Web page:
Ford Model AA Truck

1929 Ford Model AA truck a beefed-up response to earlier models

| July 2011

  • Leon Bray’s Ford Model AA truck with the ownership ticket still on the window
    Leon Bray’s Ford Model AA truck with the ownership ticket still on the window at the Nowthen (Minn.) threshing show. “The green color was a surprise,” Leon admits, “but some of the old guys who worked with them, or whose dads had them farming, said that was the correct color, green and black.”
    Photo by Nikki Rajala
  • Leon with his 1929 Ford Model AA truck
    Leon with his 1929 Ford Model AA truck. He didn’t have to do any body work when he bought it, but some mechanical work was needed.
    Photo courtesy of Carol Bray
  • Interior views of the Ford’s cab
    Interior views of the Ford’s cab. 
    Photo courtesy of Carol Bray
  • The heavy-duty rear end on the 1929 Ford Model AA truck
    The heavy-duty rear end on the 1929 Ford Model AA truck.
  • The bed of Leon’s Model AA truck shows the truck’s simple construction
    The bed of Leon’s Model AA truck shows the truck’s simple construction – and tiny rear window.
  • A front view of what Leon’s grandchildren refer to as “the big truck.”
    A front view of what Leon’s grandchildren – who delight in rides in the vintage classic – refer to as “the big truck.” 
    Photo by Nikki Rajala
  • Leon’s 1929 Ford Model AA truck is in very good condition
    Leon’s 1929 Ford Model AA truck is in very good condition.
    Photo by Nikki Rajala
  • Rear view of Leon’s 1929 Ford Model AA truck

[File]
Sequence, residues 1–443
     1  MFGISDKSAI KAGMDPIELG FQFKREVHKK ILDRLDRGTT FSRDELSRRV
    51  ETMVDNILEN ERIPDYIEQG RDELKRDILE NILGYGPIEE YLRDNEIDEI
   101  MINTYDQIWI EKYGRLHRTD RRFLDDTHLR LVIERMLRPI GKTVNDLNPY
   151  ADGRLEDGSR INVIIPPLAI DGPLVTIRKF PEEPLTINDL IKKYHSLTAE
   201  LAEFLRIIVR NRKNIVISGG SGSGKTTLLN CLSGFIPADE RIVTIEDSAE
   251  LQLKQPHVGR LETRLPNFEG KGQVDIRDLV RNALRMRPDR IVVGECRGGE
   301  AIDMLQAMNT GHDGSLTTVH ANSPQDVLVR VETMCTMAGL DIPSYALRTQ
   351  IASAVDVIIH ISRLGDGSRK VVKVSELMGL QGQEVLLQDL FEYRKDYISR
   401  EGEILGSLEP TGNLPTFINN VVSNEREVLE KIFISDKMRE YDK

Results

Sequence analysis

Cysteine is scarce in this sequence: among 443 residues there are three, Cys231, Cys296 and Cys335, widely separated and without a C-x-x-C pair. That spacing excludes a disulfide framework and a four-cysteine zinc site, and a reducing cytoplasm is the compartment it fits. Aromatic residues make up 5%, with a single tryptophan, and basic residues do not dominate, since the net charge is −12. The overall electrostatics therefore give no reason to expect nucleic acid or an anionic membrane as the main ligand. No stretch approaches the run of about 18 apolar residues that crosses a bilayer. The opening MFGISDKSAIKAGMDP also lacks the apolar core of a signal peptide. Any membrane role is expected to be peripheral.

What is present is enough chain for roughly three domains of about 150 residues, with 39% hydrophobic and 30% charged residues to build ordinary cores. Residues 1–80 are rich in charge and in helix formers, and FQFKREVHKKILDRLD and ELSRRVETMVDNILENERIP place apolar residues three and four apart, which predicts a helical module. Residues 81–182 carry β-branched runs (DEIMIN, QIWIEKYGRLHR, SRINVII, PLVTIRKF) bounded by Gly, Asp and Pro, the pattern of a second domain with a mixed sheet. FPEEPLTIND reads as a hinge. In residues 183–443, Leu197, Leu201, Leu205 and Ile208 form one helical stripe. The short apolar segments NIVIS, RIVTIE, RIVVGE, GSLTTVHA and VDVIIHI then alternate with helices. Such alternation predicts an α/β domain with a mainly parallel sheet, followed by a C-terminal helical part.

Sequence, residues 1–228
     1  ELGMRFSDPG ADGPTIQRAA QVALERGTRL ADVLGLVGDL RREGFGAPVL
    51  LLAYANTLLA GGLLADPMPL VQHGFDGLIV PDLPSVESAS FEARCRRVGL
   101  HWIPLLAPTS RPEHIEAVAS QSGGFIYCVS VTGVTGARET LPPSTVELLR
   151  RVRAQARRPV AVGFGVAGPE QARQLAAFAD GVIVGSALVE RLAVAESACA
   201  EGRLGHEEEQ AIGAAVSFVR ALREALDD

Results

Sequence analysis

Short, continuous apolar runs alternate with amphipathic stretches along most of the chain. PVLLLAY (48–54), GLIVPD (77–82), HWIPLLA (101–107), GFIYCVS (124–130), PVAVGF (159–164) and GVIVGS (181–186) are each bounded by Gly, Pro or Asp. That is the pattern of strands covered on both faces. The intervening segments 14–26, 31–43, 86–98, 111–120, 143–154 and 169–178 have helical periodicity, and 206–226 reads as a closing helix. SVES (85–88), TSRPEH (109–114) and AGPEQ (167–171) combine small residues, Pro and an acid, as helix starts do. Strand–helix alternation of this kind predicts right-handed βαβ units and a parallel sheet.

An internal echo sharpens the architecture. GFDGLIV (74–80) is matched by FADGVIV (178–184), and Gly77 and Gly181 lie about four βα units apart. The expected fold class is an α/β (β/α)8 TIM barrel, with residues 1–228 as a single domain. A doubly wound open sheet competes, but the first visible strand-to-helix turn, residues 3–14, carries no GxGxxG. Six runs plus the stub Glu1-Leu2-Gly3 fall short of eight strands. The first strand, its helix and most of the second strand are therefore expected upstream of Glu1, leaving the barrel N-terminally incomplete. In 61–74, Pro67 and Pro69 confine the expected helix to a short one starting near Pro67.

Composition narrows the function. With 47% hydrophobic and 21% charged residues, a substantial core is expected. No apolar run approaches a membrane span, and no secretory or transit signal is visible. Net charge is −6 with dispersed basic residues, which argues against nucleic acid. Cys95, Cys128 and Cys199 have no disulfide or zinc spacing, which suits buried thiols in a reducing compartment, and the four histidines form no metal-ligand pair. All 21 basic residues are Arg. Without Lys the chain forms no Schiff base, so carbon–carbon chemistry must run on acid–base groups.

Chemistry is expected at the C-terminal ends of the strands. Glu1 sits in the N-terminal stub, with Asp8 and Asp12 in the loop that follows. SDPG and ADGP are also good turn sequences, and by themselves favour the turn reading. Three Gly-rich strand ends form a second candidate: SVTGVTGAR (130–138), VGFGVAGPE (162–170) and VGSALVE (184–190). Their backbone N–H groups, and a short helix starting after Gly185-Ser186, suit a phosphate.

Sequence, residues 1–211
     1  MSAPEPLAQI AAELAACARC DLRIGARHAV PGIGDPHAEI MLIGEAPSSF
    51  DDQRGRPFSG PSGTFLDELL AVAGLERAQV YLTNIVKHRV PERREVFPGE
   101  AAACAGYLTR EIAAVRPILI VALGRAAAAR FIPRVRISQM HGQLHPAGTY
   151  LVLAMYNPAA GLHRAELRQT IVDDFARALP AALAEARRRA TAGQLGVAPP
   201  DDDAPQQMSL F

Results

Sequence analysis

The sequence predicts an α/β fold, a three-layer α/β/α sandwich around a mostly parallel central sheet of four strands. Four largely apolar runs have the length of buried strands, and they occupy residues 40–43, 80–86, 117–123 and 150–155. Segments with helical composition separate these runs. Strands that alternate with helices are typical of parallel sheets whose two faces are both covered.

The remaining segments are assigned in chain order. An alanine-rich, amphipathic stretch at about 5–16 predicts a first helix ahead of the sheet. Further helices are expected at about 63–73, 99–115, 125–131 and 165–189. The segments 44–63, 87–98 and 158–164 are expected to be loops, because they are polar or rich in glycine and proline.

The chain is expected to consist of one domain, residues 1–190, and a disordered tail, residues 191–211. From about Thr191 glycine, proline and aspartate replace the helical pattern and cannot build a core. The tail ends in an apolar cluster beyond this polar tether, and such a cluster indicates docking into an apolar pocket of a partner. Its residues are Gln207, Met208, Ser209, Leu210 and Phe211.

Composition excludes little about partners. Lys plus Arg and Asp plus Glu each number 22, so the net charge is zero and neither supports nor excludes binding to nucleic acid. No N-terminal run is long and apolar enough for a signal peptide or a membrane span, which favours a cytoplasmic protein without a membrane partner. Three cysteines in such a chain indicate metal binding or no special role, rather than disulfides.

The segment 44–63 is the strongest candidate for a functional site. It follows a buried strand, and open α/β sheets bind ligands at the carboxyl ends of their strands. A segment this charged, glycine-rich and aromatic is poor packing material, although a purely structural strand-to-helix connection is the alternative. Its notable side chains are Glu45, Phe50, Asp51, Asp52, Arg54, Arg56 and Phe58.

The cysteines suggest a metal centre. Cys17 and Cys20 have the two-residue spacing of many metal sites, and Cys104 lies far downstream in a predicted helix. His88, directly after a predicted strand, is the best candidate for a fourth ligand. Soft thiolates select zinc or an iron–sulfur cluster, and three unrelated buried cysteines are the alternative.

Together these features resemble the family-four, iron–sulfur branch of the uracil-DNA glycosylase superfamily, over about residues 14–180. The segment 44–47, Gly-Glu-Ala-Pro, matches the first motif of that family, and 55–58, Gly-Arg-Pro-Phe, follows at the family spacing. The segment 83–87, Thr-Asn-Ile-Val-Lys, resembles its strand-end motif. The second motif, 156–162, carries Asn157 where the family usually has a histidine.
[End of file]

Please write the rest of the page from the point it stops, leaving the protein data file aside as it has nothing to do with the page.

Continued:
Rear view of Leon’s 1929 Ford Model AA truck. Leon would like to add a cattle rack to the back end.
  • The front bumper of Leon’s Model AA truck is probably not original
    The front bumper of Leon’s Model AA truck is probably not original.
    Photo by Nikki Rajala
  • Thanks to its simple construction, the Model AA is easy to work on
    Thanks to its simple construction, the Model AA is easy to work on, Leon says. 
    Photo courtesy of Carol Bray
  • Another of Leon’s prized possessions: a 1957 Desoto Firedome
    Another of Leon’s prized possessions: a 1957 Desoto Firedome. The third owner of the car, Leon has had extensive body work and interior work done to the car. It has been repainted in its original color. It has a 330-cubic inch Hemi engine with a push-button automatic transmission. “People seem to like the big fins and the Hemi engine,” Leon says. “You don’t see many Desotos at car shows.”
  • Tires on the Model AA truck needed some work, including replacing tubes
    Tires on the Model AA truck needed some work, including replacing tubes. The silvery-white ring around the edge of the rim is part of the split-rim setup to hold the tire in place.
  • Crowned fenders and acorn-shaped headlights were among the distinctive design features of the Ford Model A and AA trucks
    Crowned fenders and acorn-shaped headlights were among the distinctive design features of the Ford Model A and AA trucks.